The Firewatcher’s Daughter – Brandi Carlile
    Small Town Dreams – Will Hoge
    The Sacred Heart Sessions – The Lowest Pair
    Complicated Game – James McMurtry
    Pageant Material – Kacey Musgraves
    The Blade – Ashley Monroe
    High on Tulsa Heat – John Moreland
    Blackbirds – Gretchen Peters
    Traveller – Chris Stapleton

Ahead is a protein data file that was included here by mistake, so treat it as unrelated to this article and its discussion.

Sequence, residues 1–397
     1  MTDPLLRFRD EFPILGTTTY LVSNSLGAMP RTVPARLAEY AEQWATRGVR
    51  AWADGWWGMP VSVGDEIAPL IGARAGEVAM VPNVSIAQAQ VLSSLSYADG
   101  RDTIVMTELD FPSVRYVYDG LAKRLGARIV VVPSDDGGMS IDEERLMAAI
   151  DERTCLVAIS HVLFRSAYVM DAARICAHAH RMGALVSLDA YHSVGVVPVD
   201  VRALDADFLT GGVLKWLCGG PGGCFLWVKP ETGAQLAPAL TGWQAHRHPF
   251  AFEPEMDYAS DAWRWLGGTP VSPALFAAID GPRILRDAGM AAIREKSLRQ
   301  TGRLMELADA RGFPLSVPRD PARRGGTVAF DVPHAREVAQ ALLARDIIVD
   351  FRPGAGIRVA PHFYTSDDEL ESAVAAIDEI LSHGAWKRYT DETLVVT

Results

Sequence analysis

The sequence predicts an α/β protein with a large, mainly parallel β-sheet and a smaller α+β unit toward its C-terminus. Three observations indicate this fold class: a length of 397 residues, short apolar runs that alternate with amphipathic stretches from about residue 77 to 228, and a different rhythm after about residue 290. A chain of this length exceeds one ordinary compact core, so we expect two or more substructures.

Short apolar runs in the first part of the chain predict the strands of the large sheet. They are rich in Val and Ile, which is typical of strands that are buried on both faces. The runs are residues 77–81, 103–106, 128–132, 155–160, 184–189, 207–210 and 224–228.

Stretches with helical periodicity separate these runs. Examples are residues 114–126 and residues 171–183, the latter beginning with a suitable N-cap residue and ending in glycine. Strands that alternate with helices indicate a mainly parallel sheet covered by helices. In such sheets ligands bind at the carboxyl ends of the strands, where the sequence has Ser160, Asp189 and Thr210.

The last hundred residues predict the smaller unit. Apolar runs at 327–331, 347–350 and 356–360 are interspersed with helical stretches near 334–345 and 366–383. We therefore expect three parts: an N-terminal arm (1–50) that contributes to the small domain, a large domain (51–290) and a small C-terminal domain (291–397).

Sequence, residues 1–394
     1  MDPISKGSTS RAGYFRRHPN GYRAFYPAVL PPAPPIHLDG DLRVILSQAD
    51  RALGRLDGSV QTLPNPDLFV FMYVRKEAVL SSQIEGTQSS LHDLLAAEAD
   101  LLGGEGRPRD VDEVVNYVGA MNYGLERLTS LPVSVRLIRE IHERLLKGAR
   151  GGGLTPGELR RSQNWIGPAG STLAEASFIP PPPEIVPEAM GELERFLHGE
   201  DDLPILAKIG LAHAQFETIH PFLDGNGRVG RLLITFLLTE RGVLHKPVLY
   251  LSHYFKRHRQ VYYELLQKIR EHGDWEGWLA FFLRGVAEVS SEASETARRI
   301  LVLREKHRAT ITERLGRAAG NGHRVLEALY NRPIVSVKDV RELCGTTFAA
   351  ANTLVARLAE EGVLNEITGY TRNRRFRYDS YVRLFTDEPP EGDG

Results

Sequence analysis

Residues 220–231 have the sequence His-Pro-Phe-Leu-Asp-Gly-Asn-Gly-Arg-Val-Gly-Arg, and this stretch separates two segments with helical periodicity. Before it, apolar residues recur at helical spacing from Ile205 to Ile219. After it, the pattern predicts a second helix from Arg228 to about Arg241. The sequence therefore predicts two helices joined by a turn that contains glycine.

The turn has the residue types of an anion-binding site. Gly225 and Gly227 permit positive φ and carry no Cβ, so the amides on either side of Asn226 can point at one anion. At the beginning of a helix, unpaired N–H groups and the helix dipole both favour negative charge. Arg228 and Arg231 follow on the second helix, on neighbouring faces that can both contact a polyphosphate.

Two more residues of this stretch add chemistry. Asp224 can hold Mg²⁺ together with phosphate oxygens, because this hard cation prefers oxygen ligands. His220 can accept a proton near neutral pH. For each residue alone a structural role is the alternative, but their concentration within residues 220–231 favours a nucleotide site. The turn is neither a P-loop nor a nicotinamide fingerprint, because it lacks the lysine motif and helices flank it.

4. Looking over these choices and the comments, I am thrilled to see in total how much great country music emerged from this past year. Some of the artists picked are ones with whim I have been delighted to become familiar during 2015 such as Alison Moorer. Both she and her sister, Shelby Lynn, have never really received the attention they warrant even with much critcal acclaim. I’ll have to confirm here though my top two choices. I’ve rocked back and forth on these. I’m still tentative. It’s not that there are not other albums and artists that provided equivalent performances with their artistry and enjoyment levels – my gosh, Alan Jackson, Reba, George Strait, Carrie Underwood, and the like, yet two albums stood out for what they represent for the future of country music: those by Maddie and Tae and by Ashley Monroe. Of the two, I’ll go with the Blade as the year’s top album. Ashley’s gorgeously fragile and warm voice, the incredibly deep lyrics and emotions accompanied by often a minimalist background seem to leave the listener unable to focus on anything else. Music historians will look back on her as of the finest country voices of her generation, if not of all time. (I really think that the Blade will go down in country history as one of the best songs ever.) Now, Maddie and Tae. Wow. If they remain true to their country roots, then country music has a spectacular future. Given their young ages, they have a long future ahead of them. Happily. Their almost perfect harmonies, lyrics and gutsy but very feminine approaches to their music provide a listening delight.